Condo associations have broad rights to enter private units, especially for safety reasons, but that power isn’t unlimited – and one condo board went too far.

BOCA RATON, Fla. – Question: We know that condo associations are granted broad rights to enter an owner’s unit, but does this include allowing or authorizing a neighbor to access a unit with the aid of a locksmith, without notifying the owner?

We were out of town and there was a noise coming from the roof, which a neighbor assumed was coming from our air conditioning unit. I (the unit owner) tried contacting the board and maintenance company to check out the roof, but they did not respond. No one ever responded and we assumed that the noise had resolved itself.

When I returned from out of town, I found my unit without power and with the doors open. As it turns out, the association allowed the complaining neighbor to enter my unit with a locksmith in order to cut my breaker to see if the noise was emanating from our a/c. They didn’t write me before or after access (still no response). Is this normally allowed? – N.Z.

Dear N.Z.: Absolutely not! Taking the story as you describe, your association made a very bad decision to allow your neighbor to break into your unit and turn off your power.

You are correct that the Condominium Act, at Section 718.111, Fla. Stat., along with most governing documents, grants condominium associations the irrevocable right to enter a unit during “reasonable hours” when necessary for the “maintenance, repair, or replacement of any common elements or of any portion of a unit to be maintained by the association pursuant to the declaration or as necessary to prevent damage to the common elements or to a unit.”

But what happened in your case was quite different.

First, it’s questionable whether hearing a noise, with no other indication of a condition that might cause damage to the property, would trigger a need to maintain, repair or replace the common elements, or would in some way represent a risk of damage to the common elements or a unit. As always, there could be more details that suggest the association had a legitimate fear of some kind of catastrophic event, but assuming the concern was simply a loud A/C that was annoying your neighbor, I question whether the association had the right to enter your unit without at least providing you with notice and coordinating their entry.

Second, and assuming that the association did have legitimate fears that the noise condition would somehow damage the property, they were still wrong to permit your neighbor to break into your home and enter your unit.

Frankly, what happened might even constitute criminal trespass.

Your neighbor was not, at least by your description, an agent of the association, and there is no statutory right to simply allow third parties to enter private property. Ignoring that for the moment, let’s assume that your neighbor was a board member, and this was a self-managed association. Allowing a board member to enter a unit without any backup witnesses is just bad practice. And in fact, look what happened. They left your unit open and without power.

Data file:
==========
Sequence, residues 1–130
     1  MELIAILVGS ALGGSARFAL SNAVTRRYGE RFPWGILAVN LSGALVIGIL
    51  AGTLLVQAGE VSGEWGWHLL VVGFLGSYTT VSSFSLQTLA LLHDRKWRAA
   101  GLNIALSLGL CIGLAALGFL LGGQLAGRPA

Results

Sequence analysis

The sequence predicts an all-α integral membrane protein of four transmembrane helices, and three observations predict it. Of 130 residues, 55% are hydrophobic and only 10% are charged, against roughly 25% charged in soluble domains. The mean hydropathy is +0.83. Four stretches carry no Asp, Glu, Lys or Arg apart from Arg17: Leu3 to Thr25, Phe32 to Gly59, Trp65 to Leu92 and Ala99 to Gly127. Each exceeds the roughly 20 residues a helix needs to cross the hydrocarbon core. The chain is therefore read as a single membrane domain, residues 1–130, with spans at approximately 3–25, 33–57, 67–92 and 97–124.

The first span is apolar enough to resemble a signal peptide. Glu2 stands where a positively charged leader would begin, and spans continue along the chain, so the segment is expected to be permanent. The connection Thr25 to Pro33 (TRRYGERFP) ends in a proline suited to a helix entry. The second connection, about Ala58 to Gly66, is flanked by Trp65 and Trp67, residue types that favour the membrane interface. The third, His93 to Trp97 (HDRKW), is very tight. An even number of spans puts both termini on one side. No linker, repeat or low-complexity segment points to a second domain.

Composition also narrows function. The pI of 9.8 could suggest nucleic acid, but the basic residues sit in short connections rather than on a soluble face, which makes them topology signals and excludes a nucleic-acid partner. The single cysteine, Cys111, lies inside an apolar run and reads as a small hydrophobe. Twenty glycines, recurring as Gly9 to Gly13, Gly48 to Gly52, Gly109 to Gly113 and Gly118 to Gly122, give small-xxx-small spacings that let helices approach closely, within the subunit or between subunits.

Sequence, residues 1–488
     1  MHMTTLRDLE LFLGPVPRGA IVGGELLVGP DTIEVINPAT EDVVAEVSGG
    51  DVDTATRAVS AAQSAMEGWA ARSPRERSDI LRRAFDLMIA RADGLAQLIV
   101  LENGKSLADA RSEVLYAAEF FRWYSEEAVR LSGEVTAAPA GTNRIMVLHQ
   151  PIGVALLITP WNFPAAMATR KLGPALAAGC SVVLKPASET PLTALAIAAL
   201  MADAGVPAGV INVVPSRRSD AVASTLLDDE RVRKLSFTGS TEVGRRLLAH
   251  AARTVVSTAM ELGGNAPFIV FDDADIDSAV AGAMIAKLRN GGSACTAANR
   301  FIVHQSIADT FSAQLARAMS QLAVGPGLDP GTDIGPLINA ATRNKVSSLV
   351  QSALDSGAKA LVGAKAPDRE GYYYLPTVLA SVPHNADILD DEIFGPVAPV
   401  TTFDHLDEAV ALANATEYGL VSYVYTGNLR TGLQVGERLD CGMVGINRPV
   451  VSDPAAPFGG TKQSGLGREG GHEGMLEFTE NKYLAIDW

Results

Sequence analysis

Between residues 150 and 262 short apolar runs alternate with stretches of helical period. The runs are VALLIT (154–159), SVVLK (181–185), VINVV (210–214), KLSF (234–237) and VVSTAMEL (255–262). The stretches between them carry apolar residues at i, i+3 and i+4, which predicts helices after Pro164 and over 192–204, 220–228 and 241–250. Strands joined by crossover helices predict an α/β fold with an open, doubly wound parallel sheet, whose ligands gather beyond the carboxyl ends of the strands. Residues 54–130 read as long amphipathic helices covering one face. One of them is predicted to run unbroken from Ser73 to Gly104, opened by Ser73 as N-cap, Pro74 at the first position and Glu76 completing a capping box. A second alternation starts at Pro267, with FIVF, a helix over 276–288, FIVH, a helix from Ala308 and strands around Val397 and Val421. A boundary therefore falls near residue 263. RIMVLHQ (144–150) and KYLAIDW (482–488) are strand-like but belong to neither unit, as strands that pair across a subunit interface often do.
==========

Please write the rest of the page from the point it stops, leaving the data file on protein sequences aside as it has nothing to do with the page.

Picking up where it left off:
If any damage was caused to your unit by the lack of power (mold growth, for example, which could happen depending on the weather); or if instead anything is missing from your unit, your association is likely responsible for that damage. Your neighbor could be held liable as well – though she would likely argue she was protected by the association’s purported authorization, her negligent failure to turn back on your power and properly secure the unit places some liability squarely on her shoulders as well. Your question is admirably balanced considering what you’ve described.

You need to check your unit very carefully to make sure there is no damage from the lack of power, and that nothing is missing. If anything is missing in particular, you should call the police and file a police report – and then find a lawyer to write a very stern demand letter to the association, requesting their insurance information so that you can file a claim against the association’s liability insurance (and possibly do the same for your neighbor, as well).

Even if you got lucky and your unit is in perfect condition, I would recommend hiring an attorney to write a cease and desist letter to both the association and your neighbor, warning them that if any third party enters your unit, or if the association enters your unit without establishing a need to maintain the common elements or prevent damage to the property or other units, you will consider it a trespass and immediately involve the police.

In my opinion, this behavior is just too reckless to allow it to sit without a response.

© Copyright 2023 The Palm Beach Post. Ryan Poliakoff, a partner at Backer Poliakoff & Foelster, LLP, is a Board Certified specialist in condominium and planned development law.

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Author: kerrys